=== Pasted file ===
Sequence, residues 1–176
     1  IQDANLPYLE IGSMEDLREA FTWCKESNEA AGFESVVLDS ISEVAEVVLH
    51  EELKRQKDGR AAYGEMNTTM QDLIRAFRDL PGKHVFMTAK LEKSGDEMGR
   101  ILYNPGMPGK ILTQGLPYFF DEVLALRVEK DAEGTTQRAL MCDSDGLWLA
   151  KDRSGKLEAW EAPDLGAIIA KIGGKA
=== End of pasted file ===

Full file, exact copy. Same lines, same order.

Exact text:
Sequence, residues 1–176
     1  IQDANLPYLE IGSMEDLREA FTWCKESNEA AGFESVVLDS ISEVAEVVLH
    51  EELKRQKDGR AAYGEMNTTM QDLIRAFRDL PGKHVFMTAK LEKSGDEMGR
   101  ILYNPGMPGK ILTQGLPYFF DEVLALRVEK DAEGTTQRAL MCDSDGLWLA
   151  KDRSGKLEAW EAPDLGAIIA KIGGKA